Most of the recruits in the Zerkani cell—mainly French-speaking people—had initially joined Katibat al-Muhajireen, a Salafi group dominated by Chechen fighters at that time.[c] Early in 2014, when their brigade became a part of the newly established Islamic State in Iraq and the Levant, most of the Belgians left for Jabhat al-Nusra—the chapter of al-Qa`ida in Syria—but soon many of them switched back. It is not clear if Abaaoud spent time with Jabhat al-Nusra though. At the end of January 2014, he called Dawla (the Arabic abbreviation Islamic State members often use to describe themselves) and Jabhat al-Nusra “our brothers” on his Facebook page[d]—indicating that he belonged to neither. In March 2014, however, as infighting increased between the groups, he had made it clear he was part of the Islamic State. By then he had become known by the fighting names Abou Omar al Soussi and Abu Omar al Belgiki.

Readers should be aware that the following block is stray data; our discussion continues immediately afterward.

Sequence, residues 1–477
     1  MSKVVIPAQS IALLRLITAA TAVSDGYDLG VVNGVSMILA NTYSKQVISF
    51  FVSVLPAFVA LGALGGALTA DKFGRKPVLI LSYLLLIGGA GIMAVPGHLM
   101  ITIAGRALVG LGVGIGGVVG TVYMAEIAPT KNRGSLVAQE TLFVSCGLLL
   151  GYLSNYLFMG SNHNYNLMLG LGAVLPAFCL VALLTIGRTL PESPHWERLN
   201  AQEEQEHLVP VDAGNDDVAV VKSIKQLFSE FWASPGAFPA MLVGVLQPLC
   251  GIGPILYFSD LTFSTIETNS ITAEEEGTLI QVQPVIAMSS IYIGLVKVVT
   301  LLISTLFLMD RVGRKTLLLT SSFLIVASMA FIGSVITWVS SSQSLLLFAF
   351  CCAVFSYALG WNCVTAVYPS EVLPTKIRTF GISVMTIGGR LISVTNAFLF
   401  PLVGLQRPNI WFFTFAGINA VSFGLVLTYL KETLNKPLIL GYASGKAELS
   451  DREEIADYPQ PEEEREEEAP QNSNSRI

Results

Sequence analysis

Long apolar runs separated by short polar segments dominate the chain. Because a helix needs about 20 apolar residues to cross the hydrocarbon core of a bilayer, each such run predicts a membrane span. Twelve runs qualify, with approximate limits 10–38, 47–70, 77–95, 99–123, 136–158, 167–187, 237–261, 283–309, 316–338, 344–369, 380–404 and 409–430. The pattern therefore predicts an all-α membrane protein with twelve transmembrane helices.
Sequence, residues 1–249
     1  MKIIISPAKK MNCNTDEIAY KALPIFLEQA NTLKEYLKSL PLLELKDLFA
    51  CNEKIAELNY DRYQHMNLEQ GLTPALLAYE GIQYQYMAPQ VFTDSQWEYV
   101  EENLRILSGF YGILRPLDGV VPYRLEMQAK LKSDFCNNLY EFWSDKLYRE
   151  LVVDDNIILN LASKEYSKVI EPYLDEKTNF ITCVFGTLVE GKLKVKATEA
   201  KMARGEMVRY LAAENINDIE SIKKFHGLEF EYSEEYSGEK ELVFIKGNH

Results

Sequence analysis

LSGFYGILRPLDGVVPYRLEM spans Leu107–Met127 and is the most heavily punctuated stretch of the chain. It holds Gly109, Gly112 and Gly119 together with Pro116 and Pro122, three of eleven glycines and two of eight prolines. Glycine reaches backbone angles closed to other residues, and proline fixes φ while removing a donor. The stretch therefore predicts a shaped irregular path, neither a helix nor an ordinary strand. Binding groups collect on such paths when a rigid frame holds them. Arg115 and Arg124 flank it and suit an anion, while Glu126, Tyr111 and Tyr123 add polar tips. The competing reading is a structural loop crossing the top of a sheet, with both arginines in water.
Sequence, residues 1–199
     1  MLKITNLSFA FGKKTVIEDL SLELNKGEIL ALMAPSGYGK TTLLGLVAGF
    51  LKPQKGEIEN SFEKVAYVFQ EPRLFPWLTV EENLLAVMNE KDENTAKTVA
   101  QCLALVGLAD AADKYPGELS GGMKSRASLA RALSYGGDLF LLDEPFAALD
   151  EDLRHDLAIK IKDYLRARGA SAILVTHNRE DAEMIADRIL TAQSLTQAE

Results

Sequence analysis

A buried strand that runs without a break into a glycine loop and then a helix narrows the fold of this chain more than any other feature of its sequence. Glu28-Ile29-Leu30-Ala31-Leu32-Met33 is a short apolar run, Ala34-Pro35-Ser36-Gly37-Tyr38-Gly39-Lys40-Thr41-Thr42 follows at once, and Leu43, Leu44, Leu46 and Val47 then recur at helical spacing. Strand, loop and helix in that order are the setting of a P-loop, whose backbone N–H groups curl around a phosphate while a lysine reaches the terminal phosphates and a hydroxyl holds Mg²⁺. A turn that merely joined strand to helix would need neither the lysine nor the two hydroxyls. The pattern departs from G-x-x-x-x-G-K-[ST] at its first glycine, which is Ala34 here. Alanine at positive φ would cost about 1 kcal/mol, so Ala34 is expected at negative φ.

On March 23, 2014, Abaaoud posted a video on his Facebook account showing himself on the front lines. He can be heard saying, “It’s not fun seeing blood spilled, but it gives me pleasure from time to time to see blood of the disbelievers run because we grew up watching the blood of Muslims being spilled in the whole world on TV.”[20]